Steve Smith, Honeywell Utility Solutions
Not long ago the energy market in Ontario, Canada, was at a crossroads. Electricity demand far outpaced supply as the population grew and generation capacity decreased. Driven by this less-than-ideal reality, the government sought to reduce peak electricity demand and foster province-wide conservation.
In response, six of Ontario’s largest local electric utilities formed the Coalition of Large Distributors (CLD) and embarked on conservation and demand-side management initiatives.
One of the coalition’s participating utilities, Hydro Ottawa, exemplifies these efforts with its demand response program.
Lightening the Load
In 2006 participating CLD utilities including Hydro Ottawa implemented peaksaver, a pilot program designed to help tackle electric capacity constraints with load-shedding measures for residential and small commercial customers.
These demand response efforts were fairly new in Canada, and the pilot programs tested the concept from a technological and voluntary customer buy-in standpoint.
The pilot program aimed to shift energy use from peak to off-peak periods, thereby reducing the grid’s energy constraint and ensuring sustainable energy supply. For a summer-peaking utility, this typically occurs on the hottest days when air conditioning use strains the power grid and increases the potential for brownouts and blackouts.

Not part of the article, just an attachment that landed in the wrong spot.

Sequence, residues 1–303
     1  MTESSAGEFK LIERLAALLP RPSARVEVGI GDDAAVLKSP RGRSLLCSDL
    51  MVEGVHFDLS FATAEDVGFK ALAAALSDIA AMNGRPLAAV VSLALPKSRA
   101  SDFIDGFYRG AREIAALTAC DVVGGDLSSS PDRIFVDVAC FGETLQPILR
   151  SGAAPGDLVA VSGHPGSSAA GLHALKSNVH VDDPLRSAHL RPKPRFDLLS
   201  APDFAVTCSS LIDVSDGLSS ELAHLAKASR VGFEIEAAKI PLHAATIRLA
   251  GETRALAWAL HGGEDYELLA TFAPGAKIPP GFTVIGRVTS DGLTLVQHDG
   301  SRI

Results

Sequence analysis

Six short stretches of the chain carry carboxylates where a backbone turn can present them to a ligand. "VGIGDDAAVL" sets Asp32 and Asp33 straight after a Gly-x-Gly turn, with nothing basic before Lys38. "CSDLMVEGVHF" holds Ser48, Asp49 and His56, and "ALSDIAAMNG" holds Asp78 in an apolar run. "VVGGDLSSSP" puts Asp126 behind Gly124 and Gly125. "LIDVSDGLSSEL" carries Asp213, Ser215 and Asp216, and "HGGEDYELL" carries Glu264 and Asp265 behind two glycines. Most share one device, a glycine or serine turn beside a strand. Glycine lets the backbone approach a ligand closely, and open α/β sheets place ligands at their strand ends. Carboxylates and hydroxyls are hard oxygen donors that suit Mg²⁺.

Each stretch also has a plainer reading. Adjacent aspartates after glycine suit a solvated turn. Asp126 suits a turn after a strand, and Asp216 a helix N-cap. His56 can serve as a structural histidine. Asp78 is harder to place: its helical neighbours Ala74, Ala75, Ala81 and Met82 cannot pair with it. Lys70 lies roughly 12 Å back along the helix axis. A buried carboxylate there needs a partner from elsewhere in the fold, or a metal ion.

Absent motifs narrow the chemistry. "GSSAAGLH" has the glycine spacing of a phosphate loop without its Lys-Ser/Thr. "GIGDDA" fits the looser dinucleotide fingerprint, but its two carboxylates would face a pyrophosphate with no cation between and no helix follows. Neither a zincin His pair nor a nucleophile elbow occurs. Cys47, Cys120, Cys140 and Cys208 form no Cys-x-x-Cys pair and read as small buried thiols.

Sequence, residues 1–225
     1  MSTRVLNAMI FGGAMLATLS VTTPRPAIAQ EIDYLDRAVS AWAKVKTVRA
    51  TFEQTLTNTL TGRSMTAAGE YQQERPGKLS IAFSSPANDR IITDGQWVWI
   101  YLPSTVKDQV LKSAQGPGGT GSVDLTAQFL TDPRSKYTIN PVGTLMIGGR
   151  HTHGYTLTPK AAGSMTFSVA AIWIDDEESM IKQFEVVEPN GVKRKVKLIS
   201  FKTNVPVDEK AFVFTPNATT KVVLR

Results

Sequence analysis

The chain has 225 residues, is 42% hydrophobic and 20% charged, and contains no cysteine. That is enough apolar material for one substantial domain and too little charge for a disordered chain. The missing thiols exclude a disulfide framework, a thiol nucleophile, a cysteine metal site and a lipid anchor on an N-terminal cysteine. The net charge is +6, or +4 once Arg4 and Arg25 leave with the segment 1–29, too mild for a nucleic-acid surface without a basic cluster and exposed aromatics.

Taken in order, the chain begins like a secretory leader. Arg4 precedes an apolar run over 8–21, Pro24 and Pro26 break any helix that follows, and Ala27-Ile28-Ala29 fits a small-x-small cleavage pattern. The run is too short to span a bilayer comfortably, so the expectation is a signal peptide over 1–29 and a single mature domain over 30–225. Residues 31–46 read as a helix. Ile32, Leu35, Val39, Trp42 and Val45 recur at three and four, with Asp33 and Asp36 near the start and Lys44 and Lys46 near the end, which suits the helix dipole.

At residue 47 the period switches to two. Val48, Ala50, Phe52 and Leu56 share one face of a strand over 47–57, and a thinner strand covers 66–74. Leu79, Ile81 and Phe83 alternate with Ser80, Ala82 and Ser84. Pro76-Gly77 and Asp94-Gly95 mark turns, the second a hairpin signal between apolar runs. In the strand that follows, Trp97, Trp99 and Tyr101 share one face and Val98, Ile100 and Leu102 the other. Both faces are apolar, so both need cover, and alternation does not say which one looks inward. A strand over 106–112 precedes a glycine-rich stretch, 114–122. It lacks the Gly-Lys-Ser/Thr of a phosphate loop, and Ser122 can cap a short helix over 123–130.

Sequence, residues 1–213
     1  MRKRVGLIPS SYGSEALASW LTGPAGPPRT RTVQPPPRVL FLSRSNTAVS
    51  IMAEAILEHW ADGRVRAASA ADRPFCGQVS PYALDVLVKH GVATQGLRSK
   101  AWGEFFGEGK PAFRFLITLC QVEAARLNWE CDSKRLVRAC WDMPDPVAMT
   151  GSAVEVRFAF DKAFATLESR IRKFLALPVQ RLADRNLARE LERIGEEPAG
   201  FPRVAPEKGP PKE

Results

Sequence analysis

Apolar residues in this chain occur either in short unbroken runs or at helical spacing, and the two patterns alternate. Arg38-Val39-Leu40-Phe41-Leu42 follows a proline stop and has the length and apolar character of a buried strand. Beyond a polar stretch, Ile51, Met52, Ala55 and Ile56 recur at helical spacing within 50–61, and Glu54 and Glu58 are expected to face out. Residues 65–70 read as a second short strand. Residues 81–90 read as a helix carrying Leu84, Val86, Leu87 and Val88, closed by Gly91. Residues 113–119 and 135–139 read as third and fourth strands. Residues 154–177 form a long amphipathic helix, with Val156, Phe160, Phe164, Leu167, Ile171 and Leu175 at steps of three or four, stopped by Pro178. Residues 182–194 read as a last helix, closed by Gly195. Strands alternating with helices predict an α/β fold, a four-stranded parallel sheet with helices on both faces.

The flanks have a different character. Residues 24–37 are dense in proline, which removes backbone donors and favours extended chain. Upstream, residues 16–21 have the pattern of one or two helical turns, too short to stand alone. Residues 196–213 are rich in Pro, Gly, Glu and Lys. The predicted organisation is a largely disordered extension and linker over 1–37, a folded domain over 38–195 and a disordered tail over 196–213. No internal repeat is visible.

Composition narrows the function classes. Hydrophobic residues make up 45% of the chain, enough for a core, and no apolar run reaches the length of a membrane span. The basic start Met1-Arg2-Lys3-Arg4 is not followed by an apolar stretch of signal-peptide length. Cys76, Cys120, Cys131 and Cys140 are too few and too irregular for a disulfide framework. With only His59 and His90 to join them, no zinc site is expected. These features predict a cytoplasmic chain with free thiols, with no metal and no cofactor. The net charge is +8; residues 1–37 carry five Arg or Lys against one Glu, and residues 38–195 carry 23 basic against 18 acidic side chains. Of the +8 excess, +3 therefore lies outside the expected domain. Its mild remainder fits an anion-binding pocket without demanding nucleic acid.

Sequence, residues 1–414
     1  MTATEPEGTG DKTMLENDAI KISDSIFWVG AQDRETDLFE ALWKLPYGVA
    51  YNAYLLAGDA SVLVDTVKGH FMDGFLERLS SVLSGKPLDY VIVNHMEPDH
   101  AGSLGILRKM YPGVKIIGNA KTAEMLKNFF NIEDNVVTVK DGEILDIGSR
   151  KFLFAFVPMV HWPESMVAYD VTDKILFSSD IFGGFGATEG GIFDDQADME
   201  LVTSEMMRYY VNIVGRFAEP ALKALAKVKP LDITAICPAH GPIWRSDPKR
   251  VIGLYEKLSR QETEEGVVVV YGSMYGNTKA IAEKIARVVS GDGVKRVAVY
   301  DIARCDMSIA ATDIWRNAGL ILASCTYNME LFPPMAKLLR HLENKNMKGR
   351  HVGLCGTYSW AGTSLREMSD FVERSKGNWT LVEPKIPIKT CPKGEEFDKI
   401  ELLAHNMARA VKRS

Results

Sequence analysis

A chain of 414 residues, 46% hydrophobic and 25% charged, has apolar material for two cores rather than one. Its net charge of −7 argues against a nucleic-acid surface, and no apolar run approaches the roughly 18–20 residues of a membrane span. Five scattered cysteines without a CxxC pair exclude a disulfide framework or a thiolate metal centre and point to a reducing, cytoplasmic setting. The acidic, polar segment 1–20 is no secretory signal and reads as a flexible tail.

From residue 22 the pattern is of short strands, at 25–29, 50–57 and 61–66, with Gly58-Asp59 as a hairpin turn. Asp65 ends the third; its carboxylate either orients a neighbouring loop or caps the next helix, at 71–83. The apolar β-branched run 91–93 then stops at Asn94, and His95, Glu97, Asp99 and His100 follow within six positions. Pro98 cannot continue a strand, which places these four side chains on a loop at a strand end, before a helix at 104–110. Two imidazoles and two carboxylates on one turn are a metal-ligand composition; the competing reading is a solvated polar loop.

Overall, the success of the peaksaver program is defined by the following equation:
Peak load reduction = kilowatt reduction per device x number of participants
Because the savings per device is constant, the variable in the formula is the number of homeowners and businesses that agree to enroll. Hitting load-reduction targets depends on capturing ratepayers’ interest and maximizing participation and post-installation support to ensure ongoing participation.
By offering participants a free, professionally installed, programmable thermostat, the pilot phase drew enough customers and hit its early installation targets. Hydro Ottawa’s pilot program, targeted toward western Ottawa communities, resulted in 1,500 thermostats installed in about four months.
The Next Step